Karl Marx sights to visit in Berlin

karl marx sights to visit in berlin“Revolutions are the locomotive of history”, said once and rightly so one of the most influential figures of the human history. Karl Marx, the German thinker who fought for the workers’ rights, moved crowds. Love him or hate him, Marx ideas uniquely and profoundly affect our modern society. Two of his writings belong to the most influential books of all times. And even though the best known bearded man in the West would’ve just turned 200 years old in the past 5th of May, his theories remain triumphantly contemporary. In honor to the two centuries anniversary of this distinct German man the Amstel House made a commemorative list: Karl Marx sights to visit in Berlin.


Twice the size of the real thinkers, this historic monument in Berlin-Mitte honors the greatness of the fathers of Marxism. Since the Wall Fall, demolitions and constructions moved the memorial around. Located now close the Berlin City Hall, its final destiny is still under discussion. Better visit now.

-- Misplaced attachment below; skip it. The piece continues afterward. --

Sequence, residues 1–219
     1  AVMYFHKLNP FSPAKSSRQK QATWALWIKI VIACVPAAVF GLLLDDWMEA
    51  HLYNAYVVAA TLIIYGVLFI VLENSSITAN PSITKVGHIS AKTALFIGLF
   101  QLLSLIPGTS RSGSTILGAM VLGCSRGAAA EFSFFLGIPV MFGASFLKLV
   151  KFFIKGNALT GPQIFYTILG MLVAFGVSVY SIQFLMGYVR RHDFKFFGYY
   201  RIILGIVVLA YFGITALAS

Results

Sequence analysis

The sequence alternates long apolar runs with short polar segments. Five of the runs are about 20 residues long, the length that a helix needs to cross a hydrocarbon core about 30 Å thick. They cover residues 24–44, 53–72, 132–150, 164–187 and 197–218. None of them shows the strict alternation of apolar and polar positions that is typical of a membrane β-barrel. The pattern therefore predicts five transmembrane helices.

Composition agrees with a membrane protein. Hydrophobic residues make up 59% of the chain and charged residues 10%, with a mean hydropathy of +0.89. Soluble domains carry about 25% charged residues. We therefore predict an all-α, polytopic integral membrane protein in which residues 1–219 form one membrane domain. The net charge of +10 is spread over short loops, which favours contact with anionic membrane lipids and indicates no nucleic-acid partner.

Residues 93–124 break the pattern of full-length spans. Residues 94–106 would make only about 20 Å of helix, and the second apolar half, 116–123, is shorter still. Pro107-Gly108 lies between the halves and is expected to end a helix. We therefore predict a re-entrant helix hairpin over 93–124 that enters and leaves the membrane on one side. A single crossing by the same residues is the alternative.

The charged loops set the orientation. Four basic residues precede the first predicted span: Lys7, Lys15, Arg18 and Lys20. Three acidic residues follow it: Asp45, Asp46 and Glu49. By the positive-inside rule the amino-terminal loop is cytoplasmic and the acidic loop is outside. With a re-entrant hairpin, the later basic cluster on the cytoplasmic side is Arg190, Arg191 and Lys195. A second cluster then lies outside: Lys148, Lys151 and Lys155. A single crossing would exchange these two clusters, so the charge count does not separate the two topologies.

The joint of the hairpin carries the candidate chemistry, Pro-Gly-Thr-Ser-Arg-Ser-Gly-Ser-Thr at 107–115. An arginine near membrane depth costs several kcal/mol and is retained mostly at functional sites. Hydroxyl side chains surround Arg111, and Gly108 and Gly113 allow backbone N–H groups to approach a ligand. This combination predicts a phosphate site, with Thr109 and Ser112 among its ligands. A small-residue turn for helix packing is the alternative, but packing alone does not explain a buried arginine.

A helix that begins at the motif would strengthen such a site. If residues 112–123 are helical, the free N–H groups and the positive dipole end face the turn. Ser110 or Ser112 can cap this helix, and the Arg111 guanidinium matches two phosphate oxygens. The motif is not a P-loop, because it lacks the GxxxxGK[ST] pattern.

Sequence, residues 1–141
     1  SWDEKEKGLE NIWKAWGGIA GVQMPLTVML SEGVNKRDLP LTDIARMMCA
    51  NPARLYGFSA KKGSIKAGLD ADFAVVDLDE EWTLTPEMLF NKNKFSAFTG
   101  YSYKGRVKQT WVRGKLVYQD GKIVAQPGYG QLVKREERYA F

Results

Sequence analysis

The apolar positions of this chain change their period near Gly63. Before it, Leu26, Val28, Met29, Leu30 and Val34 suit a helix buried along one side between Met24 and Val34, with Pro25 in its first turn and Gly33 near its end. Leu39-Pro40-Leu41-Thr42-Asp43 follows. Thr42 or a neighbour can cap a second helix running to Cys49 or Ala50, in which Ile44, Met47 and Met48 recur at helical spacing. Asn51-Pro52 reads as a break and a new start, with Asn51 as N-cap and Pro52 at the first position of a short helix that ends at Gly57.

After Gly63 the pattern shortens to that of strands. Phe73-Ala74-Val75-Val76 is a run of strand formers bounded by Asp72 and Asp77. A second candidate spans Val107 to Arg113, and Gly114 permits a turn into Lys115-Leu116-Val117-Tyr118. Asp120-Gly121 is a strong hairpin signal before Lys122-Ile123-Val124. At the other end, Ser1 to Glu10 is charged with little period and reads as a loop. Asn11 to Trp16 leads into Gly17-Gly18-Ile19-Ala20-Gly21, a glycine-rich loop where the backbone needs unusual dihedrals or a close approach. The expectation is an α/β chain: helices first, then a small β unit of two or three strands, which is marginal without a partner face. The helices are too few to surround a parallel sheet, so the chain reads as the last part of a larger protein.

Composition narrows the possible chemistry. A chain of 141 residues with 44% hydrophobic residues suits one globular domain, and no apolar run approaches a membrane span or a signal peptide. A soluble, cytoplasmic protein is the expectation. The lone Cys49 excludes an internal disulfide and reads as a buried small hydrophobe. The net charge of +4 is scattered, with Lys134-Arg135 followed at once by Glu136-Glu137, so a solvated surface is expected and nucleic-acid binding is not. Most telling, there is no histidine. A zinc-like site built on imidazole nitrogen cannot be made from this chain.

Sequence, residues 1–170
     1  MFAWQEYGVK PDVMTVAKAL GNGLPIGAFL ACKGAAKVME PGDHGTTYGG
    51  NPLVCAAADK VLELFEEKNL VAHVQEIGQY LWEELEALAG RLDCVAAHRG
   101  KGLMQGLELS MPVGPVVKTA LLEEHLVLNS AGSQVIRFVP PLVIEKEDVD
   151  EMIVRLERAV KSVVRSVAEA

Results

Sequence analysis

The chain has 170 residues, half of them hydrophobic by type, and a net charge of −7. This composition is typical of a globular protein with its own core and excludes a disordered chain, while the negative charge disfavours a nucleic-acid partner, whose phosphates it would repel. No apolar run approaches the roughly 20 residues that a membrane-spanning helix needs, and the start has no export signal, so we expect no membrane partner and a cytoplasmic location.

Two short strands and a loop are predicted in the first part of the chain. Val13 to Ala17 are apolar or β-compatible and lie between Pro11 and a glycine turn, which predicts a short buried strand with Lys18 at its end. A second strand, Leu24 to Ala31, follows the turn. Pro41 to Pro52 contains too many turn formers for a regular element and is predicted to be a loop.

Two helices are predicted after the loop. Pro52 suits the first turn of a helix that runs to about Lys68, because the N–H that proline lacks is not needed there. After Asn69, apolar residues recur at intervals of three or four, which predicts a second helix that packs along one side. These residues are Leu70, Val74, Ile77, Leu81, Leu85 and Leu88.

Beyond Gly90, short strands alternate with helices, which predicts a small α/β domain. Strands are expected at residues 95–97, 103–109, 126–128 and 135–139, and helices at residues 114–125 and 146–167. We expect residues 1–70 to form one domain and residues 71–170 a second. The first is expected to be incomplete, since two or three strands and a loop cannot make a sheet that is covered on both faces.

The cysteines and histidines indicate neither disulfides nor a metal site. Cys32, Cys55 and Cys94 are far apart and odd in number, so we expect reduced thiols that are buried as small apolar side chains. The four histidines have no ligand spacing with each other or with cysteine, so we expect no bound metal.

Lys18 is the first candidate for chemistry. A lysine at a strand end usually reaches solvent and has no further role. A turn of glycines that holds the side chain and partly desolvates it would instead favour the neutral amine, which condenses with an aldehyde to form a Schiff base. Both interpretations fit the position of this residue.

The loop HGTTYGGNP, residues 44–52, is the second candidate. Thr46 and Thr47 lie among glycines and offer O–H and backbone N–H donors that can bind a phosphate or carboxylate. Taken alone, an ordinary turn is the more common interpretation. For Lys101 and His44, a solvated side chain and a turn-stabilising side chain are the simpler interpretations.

Where: Karl-Liebknecht-Str., 10178 Berlin

Leninsaal at the Alte Bibliothek

The Russian revolutionary Lenin lived in Berlin during the summer of 1895. He spent most of his time reading Marx and Engels at the magnificent Alte Bibliothek. The building, destroyed during bomb attacks at the end of the WWII, was restored in 1968 by the East German Government. It gained then a tribute to the time Lenin spent learning in there. On the hands of artist Frank Glaser a glass mosaic window was created, illustrating Lenin with Marx and Engels on the back.
Where: Bebelpl. 1, 10117 Berlin


Located in Berlin-Stralau this memorial designed in stone in 1964 marks the place where the young Marx lived from April until the late summer of 1837, when he was a student at the University of Berlin.
Where: Alt-Stralau 17B, 10245 Berlin

The Karl-Marx-Allee

Originally named Stalinalle during GDR years this alluring and monumental socialist boulevard is located at the heart of Friedrichshain. Its unique architecture, which at the same time intimidates and invites by-passers to participate in the urban space, is definitely worth the walk.
Where: Karl-Marx-Allee